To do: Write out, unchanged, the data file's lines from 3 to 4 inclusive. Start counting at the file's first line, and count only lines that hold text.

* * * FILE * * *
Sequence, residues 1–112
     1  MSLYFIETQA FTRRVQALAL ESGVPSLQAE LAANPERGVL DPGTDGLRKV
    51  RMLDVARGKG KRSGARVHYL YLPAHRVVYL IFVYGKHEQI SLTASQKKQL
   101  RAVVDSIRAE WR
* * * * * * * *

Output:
    51  RMLDVARGKG KRSGARVHYL YLPAHRVVYL IFVYGKHEQI SLTASQKKQL
   101  RAVVDSIRAE WR